When you’ve been working at something long enough, you start to assume that everyone around you shares the same knowledge and basic understanding of your subject matter expertise. For this post, we thought we’d get back to basics with a simple primer to cover some general accounting concepts.
First, Asset vs. Expense. When a business owner makes a purchase, they must decide whether to depreciate it as an asset or claim it as a one-time expense. There are 3 simple guidelines to help determine which path to take:
- Longevity. If the item will have an effective usage of several years, then it should probably be classified as an asset and depreciated.
- Materiality. If the item is relatively low cost in comparison to other business purchases, then it should probably be classified as an expense.
- Consistency. If the item type has been treated as an asset or expense in the past, then it is probably best to continue with that accounting pattern and classify as it was previously.
Second, Balance Sheet. When a business owner needs a “snapshot” of their overall financial condition, they are going to reference their balance sheet. This is a summary of the financial balances of the organization, complete with assets, liabilities and ownership equity. A balance sheet is the only accounting statement which can point to a single time in the business’ calendar year.
Third, Income Statement. When a business owner wants to know whether they made or lost money during a certain reported period, they are going to reference an income statement. Also referred to as a P&L statement, this accounting report shows how the overall revenue transforms into net income, displays cost and expenses such as write-offs and taxes.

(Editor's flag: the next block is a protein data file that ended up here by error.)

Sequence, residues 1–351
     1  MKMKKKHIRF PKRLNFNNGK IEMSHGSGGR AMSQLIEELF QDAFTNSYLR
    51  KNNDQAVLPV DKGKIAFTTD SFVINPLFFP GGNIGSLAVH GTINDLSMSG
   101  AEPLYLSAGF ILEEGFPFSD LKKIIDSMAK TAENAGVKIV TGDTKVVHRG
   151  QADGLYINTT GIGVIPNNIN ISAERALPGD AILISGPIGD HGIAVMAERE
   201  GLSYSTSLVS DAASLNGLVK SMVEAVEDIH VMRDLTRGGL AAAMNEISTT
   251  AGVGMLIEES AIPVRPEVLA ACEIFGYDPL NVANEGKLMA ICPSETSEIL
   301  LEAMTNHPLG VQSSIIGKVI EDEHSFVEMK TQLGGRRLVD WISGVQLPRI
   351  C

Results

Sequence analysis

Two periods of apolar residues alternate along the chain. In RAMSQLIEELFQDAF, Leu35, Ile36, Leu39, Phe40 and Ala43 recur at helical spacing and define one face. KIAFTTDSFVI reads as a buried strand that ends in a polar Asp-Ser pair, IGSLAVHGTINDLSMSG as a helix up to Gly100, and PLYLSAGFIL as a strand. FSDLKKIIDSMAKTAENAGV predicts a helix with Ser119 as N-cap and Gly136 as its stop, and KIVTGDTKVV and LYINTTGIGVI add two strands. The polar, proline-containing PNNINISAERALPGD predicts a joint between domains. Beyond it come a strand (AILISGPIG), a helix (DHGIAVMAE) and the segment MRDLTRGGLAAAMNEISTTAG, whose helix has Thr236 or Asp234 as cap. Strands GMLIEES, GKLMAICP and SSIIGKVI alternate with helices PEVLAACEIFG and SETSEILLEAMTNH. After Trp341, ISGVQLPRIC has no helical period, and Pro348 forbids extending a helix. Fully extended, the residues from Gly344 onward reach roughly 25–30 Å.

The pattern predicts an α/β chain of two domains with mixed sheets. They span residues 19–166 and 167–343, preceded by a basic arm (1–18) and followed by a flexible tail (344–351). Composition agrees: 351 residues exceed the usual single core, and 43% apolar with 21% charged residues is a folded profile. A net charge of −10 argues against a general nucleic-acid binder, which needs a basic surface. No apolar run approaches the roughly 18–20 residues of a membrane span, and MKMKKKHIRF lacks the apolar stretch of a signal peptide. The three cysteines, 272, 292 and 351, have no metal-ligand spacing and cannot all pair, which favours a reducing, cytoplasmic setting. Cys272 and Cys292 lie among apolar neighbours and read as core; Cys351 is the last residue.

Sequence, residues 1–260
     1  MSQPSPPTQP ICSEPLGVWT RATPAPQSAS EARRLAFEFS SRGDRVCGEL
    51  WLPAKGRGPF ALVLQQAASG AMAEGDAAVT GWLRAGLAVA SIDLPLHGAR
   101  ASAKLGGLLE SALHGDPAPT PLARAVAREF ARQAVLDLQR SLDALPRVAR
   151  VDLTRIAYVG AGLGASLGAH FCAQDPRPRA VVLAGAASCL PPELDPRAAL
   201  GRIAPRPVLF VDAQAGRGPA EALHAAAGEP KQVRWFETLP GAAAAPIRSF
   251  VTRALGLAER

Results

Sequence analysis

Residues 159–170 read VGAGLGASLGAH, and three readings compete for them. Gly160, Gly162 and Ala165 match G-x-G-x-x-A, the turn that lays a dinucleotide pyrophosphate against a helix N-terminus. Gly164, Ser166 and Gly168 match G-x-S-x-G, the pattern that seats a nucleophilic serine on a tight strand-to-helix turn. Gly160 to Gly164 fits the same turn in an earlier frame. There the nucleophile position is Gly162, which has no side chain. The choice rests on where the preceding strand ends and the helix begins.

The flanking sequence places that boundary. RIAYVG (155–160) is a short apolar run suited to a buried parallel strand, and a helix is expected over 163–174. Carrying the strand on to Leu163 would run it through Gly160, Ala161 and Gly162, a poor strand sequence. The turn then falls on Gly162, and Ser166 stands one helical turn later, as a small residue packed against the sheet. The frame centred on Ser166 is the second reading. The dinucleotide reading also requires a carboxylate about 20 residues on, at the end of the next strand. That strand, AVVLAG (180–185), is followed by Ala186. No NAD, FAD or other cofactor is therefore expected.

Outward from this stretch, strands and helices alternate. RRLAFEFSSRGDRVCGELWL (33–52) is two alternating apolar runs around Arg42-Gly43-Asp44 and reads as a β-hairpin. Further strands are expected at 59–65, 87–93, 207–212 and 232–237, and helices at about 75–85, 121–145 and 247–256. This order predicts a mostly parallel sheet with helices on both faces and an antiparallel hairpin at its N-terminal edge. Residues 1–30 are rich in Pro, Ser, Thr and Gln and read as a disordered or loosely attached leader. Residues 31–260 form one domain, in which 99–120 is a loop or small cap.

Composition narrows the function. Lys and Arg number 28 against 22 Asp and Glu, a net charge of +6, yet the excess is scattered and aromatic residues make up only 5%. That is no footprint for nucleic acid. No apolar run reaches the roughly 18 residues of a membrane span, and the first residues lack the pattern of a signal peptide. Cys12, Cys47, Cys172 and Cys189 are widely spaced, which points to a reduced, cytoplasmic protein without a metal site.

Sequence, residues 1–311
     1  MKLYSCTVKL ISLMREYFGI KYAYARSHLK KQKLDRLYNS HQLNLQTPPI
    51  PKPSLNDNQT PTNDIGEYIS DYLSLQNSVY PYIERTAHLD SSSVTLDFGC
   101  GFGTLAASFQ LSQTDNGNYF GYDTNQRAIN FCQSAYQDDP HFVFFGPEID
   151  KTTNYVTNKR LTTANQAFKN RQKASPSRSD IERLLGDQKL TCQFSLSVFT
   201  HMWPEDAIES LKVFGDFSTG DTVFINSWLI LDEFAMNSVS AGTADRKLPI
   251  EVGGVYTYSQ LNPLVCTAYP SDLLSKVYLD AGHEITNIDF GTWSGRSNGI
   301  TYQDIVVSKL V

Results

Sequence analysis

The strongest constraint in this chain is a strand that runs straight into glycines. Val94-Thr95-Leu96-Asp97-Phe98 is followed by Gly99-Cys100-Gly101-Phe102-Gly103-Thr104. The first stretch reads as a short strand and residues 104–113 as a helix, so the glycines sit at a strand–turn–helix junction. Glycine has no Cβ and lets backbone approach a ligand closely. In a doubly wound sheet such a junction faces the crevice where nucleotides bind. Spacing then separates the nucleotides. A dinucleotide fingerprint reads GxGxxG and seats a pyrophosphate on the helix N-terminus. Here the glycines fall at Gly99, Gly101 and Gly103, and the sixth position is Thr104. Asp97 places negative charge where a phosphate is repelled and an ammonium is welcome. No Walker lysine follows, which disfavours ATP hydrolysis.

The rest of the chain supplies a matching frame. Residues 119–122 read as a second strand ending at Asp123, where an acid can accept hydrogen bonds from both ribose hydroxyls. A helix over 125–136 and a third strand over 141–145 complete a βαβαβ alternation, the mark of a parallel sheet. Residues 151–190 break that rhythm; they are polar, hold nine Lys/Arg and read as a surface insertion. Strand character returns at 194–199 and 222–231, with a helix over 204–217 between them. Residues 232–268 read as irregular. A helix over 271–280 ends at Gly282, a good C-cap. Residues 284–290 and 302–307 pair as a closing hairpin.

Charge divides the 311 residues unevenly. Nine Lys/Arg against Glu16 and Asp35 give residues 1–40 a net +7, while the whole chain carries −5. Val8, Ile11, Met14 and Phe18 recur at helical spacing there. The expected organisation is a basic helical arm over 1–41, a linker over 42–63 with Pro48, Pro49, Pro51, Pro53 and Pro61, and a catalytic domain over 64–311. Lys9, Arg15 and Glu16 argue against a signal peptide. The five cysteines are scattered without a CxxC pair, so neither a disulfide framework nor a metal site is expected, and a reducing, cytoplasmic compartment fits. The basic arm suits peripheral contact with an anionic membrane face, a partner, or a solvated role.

Fourth, Accounts Payable. When a business owner wants immediate feedback on the amount they owe to their vendors for the purchase of goods or services used in the operation of their business (on a specific date), they will refer to their Accounts Payable. These are found in the liability section of the Balance Sheet, recorded individually in the Accounts Payable sub-ledger at the time of invoice.
Finally, Accounts Receivable. When a business owner wants immediate feedback on the amount owed to them by their customers for the purchase of their goods or services (on a specific date), they will refer to their Accounts Receivable. These are found in the asset section of the Balance Sheet, recorded individually in the Accounts Receivable sub-ledger at the time of invoice.
While these may be simple review for most, we felt it important to establish a baseline and define these here on our blog for quick reference for both our clients and any other site visitors that might have had a question about any of these concepts.
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